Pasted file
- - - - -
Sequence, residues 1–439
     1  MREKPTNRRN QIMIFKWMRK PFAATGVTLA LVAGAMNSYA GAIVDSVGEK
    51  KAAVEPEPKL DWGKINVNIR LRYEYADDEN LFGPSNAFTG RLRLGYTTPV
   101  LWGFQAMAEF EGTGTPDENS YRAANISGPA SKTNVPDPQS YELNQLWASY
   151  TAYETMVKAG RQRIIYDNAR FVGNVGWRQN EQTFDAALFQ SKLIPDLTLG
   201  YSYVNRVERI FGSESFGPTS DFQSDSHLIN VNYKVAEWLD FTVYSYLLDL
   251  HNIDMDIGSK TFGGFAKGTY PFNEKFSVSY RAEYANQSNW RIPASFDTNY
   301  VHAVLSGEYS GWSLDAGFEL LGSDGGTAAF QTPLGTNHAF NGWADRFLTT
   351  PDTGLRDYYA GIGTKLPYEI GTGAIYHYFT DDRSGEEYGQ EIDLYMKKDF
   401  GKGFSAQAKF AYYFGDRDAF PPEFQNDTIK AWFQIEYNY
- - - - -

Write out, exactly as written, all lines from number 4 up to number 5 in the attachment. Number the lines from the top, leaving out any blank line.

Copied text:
   101  LWGFQAMAEF EGTGTPDENS YRAANISGPA SKTNVPDPQS YELNQLWASY
   151  TAYETMVKAG RQRIIYDNAR FVGNVGWRQN EQTFDAALFQ SKLIPDLTLG